Orthopedic injectables, also known as viscosupplements, hyaluronate injections, or chicken shots, are injectable gels made of hyaluronic acid or a similar substance. This may be naturally-sourced from chickens or created from bacterial fermentation in the laboratory, and the gel may also contain an anesthetic for pain relief.
In an aging or injured joint, the quality of this natural synovial fluid may degrade, and the cartilage may begin wearing down, causing friction in the joint. This results in pain, inflammation, and reduced mobility. Orthopedic injectables help by lubricating the affected joint and supplementing the synovial fluid to provide a cushioning effect. This reduces friction with movement, allowing the patient to use their joint with reduced pain. Doctors administer these injectables in their office or clinic.
This viscosupplement from Fidia Pharma is an injectable gel made of high molecular weight hyaluronate, naturally-sourced from rooster combs. The treatment involves between three and five weekly injections, depending on your patient's needs. View Hyalgan products here
The Synvisc and Synvisc One viscosupplements from Genzyme are injectable gels made of cross-linked hylans, which are derivatives of hyaluronan, naturally-sourced from rooster combs. The treatment involves three weekly injections for Synvisc and one injection for Synvisc One. View Synvisc products here
This viscosupplement from Seikagaku Corporation, also known as Artzal in some regions, is an injectable gel made of highly-purified hyaluronan, naturally-sourced from rooster combs. The treatment is customizable, with three to five weekly injections, depending on your patient's needs. Gel-One, also from Sikagaku Corporation, uses a single, low-volume injection of avian-sourced hyaluronan.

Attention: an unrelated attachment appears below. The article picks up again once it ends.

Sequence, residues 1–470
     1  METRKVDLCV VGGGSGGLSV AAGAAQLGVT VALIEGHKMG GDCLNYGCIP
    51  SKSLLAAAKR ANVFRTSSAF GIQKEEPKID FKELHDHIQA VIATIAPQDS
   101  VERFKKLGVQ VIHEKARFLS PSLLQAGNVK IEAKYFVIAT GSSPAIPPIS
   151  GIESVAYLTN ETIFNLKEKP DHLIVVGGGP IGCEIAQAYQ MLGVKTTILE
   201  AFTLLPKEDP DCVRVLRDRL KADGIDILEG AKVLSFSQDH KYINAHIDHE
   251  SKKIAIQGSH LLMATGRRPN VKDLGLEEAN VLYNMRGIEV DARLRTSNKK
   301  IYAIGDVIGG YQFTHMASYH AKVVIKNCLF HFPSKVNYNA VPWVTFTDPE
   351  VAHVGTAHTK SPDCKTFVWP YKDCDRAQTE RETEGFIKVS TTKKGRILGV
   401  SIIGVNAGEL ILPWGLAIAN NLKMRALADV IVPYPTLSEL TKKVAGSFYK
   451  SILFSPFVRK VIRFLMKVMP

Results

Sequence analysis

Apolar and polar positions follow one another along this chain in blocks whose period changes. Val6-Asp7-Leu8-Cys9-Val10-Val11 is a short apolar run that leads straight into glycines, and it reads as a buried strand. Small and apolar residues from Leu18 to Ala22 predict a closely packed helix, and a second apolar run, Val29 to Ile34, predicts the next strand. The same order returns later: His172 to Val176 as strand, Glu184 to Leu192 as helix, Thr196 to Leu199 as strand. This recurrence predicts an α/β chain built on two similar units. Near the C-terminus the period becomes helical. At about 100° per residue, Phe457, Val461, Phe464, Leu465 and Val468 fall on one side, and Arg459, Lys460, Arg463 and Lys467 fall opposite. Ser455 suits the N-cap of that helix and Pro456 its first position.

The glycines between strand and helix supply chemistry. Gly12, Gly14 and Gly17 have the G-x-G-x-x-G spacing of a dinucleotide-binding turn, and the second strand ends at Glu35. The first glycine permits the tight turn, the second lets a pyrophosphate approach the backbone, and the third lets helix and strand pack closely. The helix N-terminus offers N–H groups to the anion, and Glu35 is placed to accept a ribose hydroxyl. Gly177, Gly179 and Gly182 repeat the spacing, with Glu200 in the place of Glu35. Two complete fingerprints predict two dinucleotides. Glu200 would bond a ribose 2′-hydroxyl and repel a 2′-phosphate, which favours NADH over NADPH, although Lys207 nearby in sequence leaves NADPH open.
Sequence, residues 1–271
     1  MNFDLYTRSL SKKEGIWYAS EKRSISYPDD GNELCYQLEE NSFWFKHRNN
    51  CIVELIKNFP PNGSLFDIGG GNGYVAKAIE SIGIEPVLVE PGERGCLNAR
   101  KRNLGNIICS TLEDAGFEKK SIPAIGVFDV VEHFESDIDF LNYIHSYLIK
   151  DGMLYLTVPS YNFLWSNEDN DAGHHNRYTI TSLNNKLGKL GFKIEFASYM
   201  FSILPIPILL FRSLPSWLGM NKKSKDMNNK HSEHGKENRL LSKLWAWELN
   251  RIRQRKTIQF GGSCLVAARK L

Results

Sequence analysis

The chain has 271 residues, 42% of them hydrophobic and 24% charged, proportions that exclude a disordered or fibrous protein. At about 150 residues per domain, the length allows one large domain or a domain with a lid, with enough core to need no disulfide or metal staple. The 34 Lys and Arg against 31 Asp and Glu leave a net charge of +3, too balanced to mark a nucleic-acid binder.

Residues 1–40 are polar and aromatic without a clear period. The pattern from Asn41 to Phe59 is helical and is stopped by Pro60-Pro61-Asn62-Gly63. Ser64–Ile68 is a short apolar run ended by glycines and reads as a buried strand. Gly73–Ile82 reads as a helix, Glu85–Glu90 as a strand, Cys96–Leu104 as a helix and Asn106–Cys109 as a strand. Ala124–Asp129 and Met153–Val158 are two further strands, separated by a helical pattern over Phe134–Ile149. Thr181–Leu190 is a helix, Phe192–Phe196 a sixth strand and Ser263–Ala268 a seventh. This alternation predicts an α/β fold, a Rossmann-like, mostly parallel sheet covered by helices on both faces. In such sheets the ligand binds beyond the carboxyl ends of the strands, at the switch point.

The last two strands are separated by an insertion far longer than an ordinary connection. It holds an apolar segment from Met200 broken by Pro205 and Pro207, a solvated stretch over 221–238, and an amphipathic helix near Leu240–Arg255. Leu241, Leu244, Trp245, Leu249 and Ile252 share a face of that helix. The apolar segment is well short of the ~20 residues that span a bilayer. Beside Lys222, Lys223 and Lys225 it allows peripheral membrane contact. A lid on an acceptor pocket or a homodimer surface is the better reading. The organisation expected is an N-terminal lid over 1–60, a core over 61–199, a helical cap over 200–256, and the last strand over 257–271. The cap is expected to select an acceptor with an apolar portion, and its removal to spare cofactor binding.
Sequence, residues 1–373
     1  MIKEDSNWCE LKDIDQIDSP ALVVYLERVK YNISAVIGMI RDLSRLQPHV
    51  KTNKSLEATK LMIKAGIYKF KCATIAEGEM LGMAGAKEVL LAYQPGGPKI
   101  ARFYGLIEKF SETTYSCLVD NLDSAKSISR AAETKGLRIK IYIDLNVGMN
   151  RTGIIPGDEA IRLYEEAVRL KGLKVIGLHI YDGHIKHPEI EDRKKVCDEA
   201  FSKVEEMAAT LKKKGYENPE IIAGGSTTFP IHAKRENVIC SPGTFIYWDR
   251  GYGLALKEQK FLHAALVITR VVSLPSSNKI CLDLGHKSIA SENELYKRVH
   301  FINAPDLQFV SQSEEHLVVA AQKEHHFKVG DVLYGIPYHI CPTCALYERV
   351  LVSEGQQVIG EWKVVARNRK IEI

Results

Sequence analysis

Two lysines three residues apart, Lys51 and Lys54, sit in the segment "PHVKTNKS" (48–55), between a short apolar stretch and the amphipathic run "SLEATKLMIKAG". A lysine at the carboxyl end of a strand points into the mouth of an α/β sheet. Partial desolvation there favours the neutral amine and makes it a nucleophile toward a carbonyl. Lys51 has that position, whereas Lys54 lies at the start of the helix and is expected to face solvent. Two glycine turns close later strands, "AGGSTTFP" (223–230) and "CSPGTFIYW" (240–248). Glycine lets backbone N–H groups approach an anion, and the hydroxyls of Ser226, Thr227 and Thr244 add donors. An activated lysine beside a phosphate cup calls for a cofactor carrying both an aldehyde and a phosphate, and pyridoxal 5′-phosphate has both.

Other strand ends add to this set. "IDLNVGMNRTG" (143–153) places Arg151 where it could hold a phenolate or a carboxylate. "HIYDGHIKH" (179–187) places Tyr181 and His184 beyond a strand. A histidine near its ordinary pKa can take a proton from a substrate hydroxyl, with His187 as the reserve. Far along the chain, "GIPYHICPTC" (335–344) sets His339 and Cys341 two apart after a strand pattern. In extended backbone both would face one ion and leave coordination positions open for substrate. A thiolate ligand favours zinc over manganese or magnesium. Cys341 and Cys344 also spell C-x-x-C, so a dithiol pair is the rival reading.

View Supartz products here
This viscosupplement from Anika Therapeutics is an injectable gel made of sodium hyaluronate, sourced from bacterial fermentation. The advantage of this fermented sodium hyaluronate is that it is safe for those with avian allergies. The Orthovisc treatment involves three weekly injections, but there is also a single-injection version called Monovisc. View Orthovisc products here
This viscosupplement from Ferring is an injectable gel made of high molecular weight sodium hyaluronate, sourced from bacterial fermentation. The advantage of this fermented sodium hyaluronate is that it is safe for patients who have avian allergies. The treatment involves three weekly injections. View Euflexxa products here
Crespine Gel Plus
This viscosupplement from BioPolymer is an injectable gel made of a mixture of regular and cross-linked hyaluronic acid, sourced from bacterial fermentation. The advantage of this fermented hyaluronic acid is that it is safe for patients with avian allergies. This particular viscosupplement also contains Prilocaine, which is an anesthetic that provides pain relief during treatment. The treatment involves a single injection. View Crespine Gel Plus products here
This viscosupplement from Galderma is an injectable gel made of stabilized hyaluronic acid, sourced from bacterial fermentation. The advantage of this fermented hyaluronic acid is that it is safe for those allergic to avian products. The treatment involves a single injection.
View Durolane products here
Why do doctors use them?